With my low sugar issues, which I’ve gabbed about in these columns before, the health front makes this difficult with low energy and now my eyes are going crazy on me (we will try to correct again in a week to adjust the glasses some more).
So, feeling physically and mentally a bit more worn out than normal, I was conducting the last “once over” of the Christmas edition on my computer screen. That is when I discovered the Christmas Edition nearly became “SIN”less.
Our newspaper edition bounces back and forth between designers, team members who edit content with fresh eyes, and my computers. It kind of feels like a ping-pong game.
Unfortunately, more than one person cannot work on the edition at the same time, so when I’m done, the edition file goes back to editing or designers, then it arrives back with my requested changes.
Sometimes the edition will bounce back and forth a dozen times or so. It is amazing, 4-5 people can look at the same pages over and over again, yet we will find a major typo last minute in a title, something formatted wrong, etc. last second.
I think if I had six months to edit our newspaper edition, some errors would still get through. When people critique us, or really any newspaper that publishes a typo, it is easy to become judgmental, but until walking a mile in our shoes and seeing how many moving parts there are, it is a miracle more errors do not occur.
We are human as well, something I remind people when they make a snarky social media post or call us to tell us the “error of our ways”.
Anyway, we made the best effort we could on the Christmas edition. One last review and the pages would be sent to the press, hallelujah! I was scrolling along fairly quickly and what caught my eye? Why does that title in 48-point font say “Houg” instead of “Housing”?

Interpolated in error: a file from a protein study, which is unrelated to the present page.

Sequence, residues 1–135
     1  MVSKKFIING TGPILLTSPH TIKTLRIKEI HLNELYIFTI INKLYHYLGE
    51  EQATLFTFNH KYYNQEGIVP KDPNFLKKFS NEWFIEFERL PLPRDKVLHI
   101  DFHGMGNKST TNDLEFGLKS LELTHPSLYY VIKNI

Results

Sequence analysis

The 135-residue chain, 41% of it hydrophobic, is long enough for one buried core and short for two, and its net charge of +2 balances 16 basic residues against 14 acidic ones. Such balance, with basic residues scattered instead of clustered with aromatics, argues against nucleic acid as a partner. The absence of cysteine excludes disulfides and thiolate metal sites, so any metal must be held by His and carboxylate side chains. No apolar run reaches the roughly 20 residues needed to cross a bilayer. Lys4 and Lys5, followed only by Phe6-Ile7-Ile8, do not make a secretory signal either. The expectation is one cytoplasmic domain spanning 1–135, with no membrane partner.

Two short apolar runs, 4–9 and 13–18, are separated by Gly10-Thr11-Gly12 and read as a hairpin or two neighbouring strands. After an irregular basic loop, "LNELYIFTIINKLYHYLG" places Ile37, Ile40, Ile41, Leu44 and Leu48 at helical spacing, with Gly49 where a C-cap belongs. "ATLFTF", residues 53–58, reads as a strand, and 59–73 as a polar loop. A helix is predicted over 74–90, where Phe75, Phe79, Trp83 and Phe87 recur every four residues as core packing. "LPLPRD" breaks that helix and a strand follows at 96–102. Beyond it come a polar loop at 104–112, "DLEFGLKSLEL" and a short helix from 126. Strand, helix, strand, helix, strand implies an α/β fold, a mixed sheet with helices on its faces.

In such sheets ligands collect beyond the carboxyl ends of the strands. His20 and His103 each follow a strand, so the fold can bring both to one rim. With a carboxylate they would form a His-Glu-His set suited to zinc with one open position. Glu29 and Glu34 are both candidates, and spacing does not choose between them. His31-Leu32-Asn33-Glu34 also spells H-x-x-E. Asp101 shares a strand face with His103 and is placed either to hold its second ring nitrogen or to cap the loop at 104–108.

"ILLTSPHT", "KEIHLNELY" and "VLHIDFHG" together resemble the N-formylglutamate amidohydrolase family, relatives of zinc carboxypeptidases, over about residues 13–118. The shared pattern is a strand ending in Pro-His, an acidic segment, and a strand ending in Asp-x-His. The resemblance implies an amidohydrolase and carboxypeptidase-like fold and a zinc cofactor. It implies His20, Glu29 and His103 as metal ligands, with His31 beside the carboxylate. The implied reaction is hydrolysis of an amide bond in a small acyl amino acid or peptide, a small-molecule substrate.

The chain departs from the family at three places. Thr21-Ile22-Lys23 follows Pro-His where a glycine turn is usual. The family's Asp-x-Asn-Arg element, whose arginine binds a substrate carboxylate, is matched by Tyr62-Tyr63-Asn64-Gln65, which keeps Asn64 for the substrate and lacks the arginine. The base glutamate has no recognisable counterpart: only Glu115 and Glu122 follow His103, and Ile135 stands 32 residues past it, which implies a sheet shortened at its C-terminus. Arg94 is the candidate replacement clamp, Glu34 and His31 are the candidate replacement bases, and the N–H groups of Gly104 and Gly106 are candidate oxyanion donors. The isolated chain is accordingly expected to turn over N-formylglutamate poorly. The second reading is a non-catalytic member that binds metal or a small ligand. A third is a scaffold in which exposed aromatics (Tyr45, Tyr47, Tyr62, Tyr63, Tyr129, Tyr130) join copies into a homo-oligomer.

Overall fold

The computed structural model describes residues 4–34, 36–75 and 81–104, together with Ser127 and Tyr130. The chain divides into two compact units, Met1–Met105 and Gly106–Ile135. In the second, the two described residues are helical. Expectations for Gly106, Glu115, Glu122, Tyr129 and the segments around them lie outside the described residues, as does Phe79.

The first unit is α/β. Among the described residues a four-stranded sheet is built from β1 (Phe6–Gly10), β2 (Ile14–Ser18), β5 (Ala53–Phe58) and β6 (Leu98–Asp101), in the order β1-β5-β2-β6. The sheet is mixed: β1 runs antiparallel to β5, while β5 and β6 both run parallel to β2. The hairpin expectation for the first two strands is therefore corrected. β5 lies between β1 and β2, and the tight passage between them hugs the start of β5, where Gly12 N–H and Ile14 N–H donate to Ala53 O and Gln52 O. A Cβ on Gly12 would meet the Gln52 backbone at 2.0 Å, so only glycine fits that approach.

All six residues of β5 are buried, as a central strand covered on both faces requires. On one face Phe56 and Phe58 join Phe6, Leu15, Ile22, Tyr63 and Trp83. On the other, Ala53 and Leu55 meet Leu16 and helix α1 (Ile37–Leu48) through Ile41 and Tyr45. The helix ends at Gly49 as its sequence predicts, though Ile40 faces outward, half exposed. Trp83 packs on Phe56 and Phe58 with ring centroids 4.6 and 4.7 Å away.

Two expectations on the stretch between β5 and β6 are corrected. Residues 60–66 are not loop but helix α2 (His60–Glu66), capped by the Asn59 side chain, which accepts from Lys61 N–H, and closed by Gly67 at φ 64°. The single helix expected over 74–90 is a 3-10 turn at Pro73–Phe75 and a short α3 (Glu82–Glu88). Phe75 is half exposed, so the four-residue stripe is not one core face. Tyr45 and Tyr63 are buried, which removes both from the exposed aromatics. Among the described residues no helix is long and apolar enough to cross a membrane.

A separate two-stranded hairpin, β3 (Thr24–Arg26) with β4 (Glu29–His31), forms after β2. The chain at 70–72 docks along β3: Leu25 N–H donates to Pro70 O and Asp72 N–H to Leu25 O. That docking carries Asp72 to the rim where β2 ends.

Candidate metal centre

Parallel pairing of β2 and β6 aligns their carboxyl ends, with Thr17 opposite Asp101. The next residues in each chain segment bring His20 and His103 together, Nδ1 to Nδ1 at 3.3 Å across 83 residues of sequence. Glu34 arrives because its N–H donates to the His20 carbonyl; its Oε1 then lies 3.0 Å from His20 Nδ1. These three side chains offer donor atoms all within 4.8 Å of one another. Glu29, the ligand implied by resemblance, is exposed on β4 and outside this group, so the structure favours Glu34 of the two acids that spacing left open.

As mentioned, it is amazing how many times pages can be reviewed, if we come back the next day with fresh eyes we will see issues that we would swear were not present the day before.
But that was a big error – a red flag was raised. Then I found another title error, then a name I knew … all messed up.
A few minutes later one of my editors sent an email on how words were suddenly appearing in a different language. These words were correct in the edition within the last inner office update.
Now keep in mind, I have people in our team waiting on me to give the “all clear” on the edition and we have a print press and mailing team awaiting my final check off on the edition. So just a little bit of pressure exists to be timely.
But now I have one of our bigger editions of the year jacked full of errors and frankly, I have no idea what happened. We have used this software for a very long time, so long that I could probably teach a course on it at the local community college if needed.
I simply had/have no explanation for how all these words, whether in a title, within stories, police reports, or obituaries themselves, have suddenly appeared to scramble. I didn’t have the time for that problem and I was just too worn down to adequately problem-solve.
What happened? How do I fix this issue? Forrest, a reminder to self, sometimes you have to avoid looking at the overall war and focus on the battle right in front of you.
Oh ya, a reminder, you have “just a few” people waiting behind you who want to complete the edition so they can go enjoy time with their families for the holidays.